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Windows XP expiration couldn't save PC market in Q1

Windows XP expiration couldn't save PC market in Q1

PC upgrades due to the expiration of Windows XP peaked in 2012 and 2013, and are starting to taper in 2014, IDC said

IDC reports that worldwide PC shipments dropped 4.4% in Q1 2014.

IDC reports that worldwide PC shipments dropped 4.4% in Q1 2014.

The looming threat of running an unsupported OS wasn't enough to save PC shipments from continuing their slide in the first quarter.

Worldwide PC shipments fell by 4.4 per cent in the first three months of the year to 73.4 million units, according to IDC.

The expiration of Windows XP, support for which ended this week, did prompt some businesses to refresh their PCs. And slower demand for tablets, as the market becomes saturated, may have helped lift laptop sales slightly.

But sales were down overall, and the trend toward more mobile devices is unlikely to stop, IDC said.

In a separate report, Gartner also said the XP upgrade cycle eased the decline of PC shipments slightly. But it too said PC shipments were down overall, by 1.7 per cent from the same quarter a year earlier.

With an estimated one-third of PCs still running XP, computer upgrades will continue and soften the rate of decline in the PC market, said Loren Loverde, program vice-president at IDC. But most of those upgrades are done.

"If you look at the number of systems coming off XP, the fastest transition would have happened in 2012 and 2013," he said.

For the year, IDC projects that PC shipments will decline by 6.1 per cent, an improvement from a 9.8 per cent decline last year, thanks to improving economies around the world.

But worldwide PC shipments have now declined for eight consecutive quarters, and there's no silver lining in sight.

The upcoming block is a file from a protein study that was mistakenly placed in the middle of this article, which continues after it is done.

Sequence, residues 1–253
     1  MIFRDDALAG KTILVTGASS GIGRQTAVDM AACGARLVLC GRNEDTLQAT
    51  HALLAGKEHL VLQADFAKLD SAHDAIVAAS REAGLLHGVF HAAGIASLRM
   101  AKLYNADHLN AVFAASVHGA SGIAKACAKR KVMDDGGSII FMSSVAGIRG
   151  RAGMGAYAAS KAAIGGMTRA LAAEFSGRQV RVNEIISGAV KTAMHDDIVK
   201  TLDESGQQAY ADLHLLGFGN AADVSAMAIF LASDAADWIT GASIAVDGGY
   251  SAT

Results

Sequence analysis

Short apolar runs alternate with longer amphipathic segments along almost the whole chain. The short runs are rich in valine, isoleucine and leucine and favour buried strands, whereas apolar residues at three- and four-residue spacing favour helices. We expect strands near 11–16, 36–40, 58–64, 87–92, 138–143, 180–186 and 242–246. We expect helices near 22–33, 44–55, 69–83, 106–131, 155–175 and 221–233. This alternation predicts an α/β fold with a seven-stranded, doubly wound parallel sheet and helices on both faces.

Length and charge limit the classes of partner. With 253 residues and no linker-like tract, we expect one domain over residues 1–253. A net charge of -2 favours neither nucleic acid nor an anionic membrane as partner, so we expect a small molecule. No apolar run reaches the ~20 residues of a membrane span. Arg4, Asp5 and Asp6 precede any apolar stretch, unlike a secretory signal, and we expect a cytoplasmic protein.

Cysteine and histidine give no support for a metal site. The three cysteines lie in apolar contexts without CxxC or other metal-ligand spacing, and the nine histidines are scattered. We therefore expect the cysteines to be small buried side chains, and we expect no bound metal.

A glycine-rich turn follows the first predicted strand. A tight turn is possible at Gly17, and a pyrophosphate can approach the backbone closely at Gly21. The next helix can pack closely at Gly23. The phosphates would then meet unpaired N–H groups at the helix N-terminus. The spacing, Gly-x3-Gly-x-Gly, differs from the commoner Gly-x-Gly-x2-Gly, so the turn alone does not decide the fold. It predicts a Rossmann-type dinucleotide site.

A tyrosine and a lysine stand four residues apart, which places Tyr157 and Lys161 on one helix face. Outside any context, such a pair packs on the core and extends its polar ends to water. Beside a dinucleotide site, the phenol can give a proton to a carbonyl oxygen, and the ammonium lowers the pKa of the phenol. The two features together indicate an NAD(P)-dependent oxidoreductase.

"The passing boost from XP replacements, constrained consumer demand, and no clear driver of a market rebound are expected to keep growth below zero going forward," Rajani Singh, a senior research analyst at IDC, said in a statement.

PC users aren't huge fans of Windows 8.1, but the number of touch systems being sold is growing and other OS options are limited, Loverde said. It may be hard to get users to ever really love Windows 8, he said, but the 8.1 updates make the experience more palatable.

"In many ways it's just a train you can't stop. If you want a PC ... you're probably going to get it with Windows 8.1," Loverde said.

The top three PC makers, Lenovo, Hewlett-Packard and Dell, all recorded growth in shipments, but sales plunged for Asus and Acer, which rounded out the top five.

Lenovo shipped 12.96 million units in the first quarter, up 10.5 per cent year over year, giving it nearly 17.7 pe rcent of the market. HP was on its heels, with shipments up 4.7 per cent to 12.6 million units, for 17.1 per cent of the market.

Dell's shipments increased 9.3 per cent, while Acer's were down 20.2 per cent and Asus' down 8.1 per cent. The "other" category of smaller vendors, who account for 40 per cent of the market, saw their shipments decline 13 per cent.

Agam Shah covers PCs, tablets, servers, chips and semiconductors for IDG News Service. Follow Agam on Twitter at @agamsh. Agam's e-mail address is agam_shah@idg.com


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